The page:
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Wednesday, April 07, 2010

My DVR has gone mentyl

If this is a technical issue, it's darn just about the weirdest one that I've ever seen in a lifetime filled with playing with gadgets.

And I'm also reminded of Auric Goldfinger's classic line to James Bond: "Once is happenstance. Twice is coincidence. The third time it's enemy action." If this happens a third time, I'm going to have the whole thing stripped down and examined, psychoanalyzed and possibly exorcised. Or perhaps it's some subliminal cue from my own superego that is trying to tell me something?

This morning while rewatching last night's episode of Lost from my DVR, I did a search back through previous recordings from the past weekend, 'cuz there were a bunch of good movies that I wanted to catch for the first time.

Somehow, my DVR also recorded a movie that I have seen before, but didn't have schedule to record.

The really crazy thing is, this has happened before. And involving to the exact same movie.

So for the second time my DVR, without me asking it to, has caught Yentl: the 1983 film directed, co-written by and starring Barbra Streisand.

If you've never seen it before, Yentl is about a Jewish girl living in Poland at the turn of the twentieth century who more than anything else in life wants an education in Talmudic law. But alas! This is a time and place where only men are allowed to study such things. So after her father (a respected rabbi who has been teaching her in secret) died, Yentl disguises herself as a man and as "Anshel" goes off to study in a yeshiva. As usually happens in this kind of story, complications ensue: namely when Yentl - as Anshel - winds up engaged to the former fiancee of her/his friend Avigdor (played by Mandy Patinkin, in what might be his finest role alongside that of Inigo Montoya from The Princess Bride).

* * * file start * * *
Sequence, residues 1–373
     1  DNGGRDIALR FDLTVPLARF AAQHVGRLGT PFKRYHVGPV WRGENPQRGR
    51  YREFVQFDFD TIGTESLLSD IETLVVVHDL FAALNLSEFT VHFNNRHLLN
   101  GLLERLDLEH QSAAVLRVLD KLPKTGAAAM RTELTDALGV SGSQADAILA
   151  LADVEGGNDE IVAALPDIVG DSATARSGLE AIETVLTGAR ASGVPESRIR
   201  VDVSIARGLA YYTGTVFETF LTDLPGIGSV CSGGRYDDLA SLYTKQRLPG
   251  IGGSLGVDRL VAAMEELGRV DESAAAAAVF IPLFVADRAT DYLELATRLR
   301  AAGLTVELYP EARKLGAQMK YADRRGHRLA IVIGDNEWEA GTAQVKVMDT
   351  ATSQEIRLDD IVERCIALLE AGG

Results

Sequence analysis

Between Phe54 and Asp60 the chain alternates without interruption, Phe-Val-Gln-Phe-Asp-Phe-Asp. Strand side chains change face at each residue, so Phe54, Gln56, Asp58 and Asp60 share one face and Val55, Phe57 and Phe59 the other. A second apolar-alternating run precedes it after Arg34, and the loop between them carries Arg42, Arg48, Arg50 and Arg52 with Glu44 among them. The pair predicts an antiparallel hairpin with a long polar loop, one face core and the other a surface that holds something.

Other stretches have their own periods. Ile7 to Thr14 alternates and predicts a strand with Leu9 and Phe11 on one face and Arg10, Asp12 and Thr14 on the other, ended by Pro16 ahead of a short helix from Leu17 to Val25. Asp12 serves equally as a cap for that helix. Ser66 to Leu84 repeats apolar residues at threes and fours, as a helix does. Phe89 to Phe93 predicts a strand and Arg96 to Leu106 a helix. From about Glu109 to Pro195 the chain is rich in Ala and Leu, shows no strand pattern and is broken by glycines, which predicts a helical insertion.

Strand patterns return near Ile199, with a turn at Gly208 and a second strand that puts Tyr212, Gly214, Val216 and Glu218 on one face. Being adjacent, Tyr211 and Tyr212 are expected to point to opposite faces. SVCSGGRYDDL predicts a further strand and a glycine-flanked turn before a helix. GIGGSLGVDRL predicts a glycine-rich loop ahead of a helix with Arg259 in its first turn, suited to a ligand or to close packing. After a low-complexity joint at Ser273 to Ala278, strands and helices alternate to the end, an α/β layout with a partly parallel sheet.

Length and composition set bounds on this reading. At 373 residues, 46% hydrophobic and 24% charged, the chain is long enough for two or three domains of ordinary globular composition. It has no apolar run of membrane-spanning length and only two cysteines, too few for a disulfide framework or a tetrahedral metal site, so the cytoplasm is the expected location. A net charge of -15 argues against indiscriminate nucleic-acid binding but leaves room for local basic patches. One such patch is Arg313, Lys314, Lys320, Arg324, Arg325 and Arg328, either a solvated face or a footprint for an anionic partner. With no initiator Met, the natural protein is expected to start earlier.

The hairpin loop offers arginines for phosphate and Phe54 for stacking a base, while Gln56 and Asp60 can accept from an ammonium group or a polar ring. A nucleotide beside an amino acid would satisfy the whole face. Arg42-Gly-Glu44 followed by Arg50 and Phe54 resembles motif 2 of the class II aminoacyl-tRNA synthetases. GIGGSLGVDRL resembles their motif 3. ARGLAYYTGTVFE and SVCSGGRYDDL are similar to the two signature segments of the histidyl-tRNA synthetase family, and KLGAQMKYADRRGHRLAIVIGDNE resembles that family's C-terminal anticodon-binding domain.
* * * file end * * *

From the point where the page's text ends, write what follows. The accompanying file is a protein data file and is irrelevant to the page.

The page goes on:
Now, I have absolutely nothing at all against Yentl. It's a delightful little movie and rather different from typical film fare. It's a drama with music, not really a traditional "musical" since Yentl is the only one singing in it and it's more of an "empathic device" to convey Yentl's inner turmoils. The story, based on a play by Isaac Bashevis Singer, is a clever one and the cinematography (Yentl was filmed partly in Prague and Liverpool) is gorgeous.


I said it the last time my DVR did this and I'll say it again: Oy vey!